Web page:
The Amero currency - replacing the dollar?
Information on the Amero currency compiled by Society for American Sovereignty TM.
The creation of regional currencies, and the removal of "unwanted currencies" is necessary, according to Benn Steil. Writing in the Council on Foreign Relations publication, Foreign Affairs, Steil states that, "The world needs to abandon unwanted currencies, replacing them with dollars, euros, and multinational currencies as yet unborn." "Countries should abandon monetary nationalism," says Steil.
The End of National Currency, Foreign Affairs, (May/June 2007)
- Single Global Currency Association dedicated to the goal of implementing a single global currency, within a global monetary union and managed by a global central bank by 2024. See related sites.
- The Plan to Replace the Dollar With the 'Amero', by James R. Corsi, Human Events Online (May 22, 2006)
- CNBC interview with Steve Previs, V.P, at Jefferies International Ltd., CNBC (2006)
- Debut of the 'Amero', by Judi McLeod, Canada Free Press (December 14, 2006)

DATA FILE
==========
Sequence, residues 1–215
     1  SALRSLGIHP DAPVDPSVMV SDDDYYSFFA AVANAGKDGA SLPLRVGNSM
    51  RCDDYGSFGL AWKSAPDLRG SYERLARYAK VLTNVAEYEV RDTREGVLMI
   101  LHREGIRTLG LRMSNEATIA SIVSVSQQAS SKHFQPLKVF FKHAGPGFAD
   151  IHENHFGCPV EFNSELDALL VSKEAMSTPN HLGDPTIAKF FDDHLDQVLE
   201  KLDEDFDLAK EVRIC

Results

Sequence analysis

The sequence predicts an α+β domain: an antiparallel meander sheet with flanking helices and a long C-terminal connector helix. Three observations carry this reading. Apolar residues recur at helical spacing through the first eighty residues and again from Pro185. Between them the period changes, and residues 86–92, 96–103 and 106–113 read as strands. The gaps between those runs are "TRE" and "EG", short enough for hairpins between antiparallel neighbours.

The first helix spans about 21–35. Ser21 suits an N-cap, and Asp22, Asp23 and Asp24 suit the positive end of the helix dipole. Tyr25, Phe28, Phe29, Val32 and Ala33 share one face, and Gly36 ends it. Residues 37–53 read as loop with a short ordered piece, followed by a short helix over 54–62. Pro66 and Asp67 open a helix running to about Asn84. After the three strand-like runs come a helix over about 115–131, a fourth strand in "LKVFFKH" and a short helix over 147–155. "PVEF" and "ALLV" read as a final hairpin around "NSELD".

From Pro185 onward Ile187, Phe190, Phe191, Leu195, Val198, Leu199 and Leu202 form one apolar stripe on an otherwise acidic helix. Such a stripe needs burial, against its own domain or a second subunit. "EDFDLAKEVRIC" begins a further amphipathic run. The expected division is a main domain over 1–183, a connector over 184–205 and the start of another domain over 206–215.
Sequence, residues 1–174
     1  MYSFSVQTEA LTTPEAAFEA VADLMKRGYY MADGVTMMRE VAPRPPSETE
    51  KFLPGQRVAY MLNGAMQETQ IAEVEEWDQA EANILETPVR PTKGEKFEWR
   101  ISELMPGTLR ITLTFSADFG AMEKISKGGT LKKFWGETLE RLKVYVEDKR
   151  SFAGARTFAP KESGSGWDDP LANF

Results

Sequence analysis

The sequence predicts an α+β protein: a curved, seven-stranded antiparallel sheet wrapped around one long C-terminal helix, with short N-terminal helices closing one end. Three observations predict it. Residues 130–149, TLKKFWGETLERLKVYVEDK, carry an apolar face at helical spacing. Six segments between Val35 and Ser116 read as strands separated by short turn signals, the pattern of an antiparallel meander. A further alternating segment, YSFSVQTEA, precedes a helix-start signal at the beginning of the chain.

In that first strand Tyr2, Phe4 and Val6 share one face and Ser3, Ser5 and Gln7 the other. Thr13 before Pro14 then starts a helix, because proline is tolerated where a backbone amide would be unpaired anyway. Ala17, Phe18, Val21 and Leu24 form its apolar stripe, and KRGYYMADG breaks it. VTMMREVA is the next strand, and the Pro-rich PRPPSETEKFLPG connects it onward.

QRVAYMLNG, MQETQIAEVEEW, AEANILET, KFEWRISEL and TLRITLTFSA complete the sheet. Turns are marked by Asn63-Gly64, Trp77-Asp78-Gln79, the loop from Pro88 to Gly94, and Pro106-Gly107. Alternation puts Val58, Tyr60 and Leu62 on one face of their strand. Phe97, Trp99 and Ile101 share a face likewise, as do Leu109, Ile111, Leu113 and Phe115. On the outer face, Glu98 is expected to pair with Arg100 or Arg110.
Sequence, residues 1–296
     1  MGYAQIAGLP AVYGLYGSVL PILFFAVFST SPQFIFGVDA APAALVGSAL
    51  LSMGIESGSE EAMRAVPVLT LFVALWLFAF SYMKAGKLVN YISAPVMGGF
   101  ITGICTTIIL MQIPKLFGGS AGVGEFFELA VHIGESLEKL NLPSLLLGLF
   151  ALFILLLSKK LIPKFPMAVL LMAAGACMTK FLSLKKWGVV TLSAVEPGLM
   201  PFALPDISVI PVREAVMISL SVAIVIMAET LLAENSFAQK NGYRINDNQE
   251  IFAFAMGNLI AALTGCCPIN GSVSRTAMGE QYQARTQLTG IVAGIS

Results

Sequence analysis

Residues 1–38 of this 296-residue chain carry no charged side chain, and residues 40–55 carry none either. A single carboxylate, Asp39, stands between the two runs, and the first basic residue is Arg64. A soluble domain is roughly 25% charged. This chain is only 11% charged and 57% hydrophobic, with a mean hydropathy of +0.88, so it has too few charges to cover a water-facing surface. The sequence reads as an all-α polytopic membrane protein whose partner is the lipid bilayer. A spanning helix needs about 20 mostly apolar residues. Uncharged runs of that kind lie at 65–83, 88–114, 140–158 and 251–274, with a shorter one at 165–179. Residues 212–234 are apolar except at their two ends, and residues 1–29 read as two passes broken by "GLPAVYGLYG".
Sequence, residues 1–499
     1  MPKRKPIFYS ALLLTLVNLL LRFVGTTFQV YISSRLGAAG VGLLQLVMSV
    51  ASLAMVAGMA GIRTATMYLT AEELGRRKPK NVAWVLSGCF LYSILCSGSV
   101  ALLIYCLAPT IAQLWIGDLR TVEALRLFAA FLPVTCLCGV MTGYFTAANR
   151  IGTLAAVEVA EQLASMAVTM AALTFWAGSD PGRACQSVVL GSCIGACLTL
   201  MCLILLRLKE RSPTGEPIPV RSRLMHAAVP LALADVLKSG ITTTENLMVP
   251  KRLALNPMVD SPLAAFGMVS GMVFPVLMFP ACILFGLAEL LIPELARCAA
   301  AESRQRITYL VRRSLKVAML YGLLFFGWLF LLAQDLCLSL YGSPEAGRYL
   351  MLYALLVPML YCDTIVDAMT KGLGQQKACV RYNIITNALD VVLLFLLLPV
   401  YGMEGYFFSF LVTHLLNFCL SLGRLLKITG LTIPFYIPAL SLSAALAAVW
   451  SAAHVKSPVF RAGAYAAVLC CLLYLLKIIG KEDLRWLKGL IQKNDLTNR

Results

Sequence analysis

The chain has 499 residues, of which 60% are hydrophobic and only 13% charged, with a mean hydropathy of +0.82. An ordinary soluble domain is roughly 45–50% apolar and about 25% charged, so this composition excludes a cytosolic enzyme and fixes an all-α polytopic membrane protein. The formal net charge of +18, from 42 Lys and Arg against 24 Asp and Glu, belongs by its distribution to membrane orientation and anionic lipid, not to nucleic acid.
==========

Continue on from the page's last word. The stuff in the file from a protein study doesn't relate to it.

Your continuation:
- Perspectives on a Potential North American Monetary Union, by Michael Chriszt, Economic Review, Federal Reserve Bank, Atlanta, (Fourth Quarter, 2000)
- Currency Consolidation in the Western Hemisphere, by Thomas J. Courchene, presentation at American Economic Association / ASSA Annual Meeting (2001)
- The Case for the Amero, by Herbert G. Grubel, The Fraser Institute (1999)
- TED Case Studies - The Threat of the Dollar, Trade Environment Database Projects, American University
"The introduction of the Euro to the world's financial markets in 1999 made the idea of one currency for numerous countries seem possible, and attractive... The Euro also made other nations more than a little nervous as to how they would manage to compete with this new, and strengthening, currency. These factors led the US, Canada, Mexico, Argentina, Chile, Brazil, and Columbia to begin to explore the feasibility of creating the 'Amero' as a counterpart to the Euro. The 'Amero' would be a common currency, not necessarily the US dollar, that all of the countries in the Americas would use as their own.
...Some economists believe that full Dollarization or the 'Amero' associated with a Free Trade Agreement of the Americas will not happen for 5-20 years."
More articles on the Amero
Please see our Amero articles section for a selection of articles on the Amero.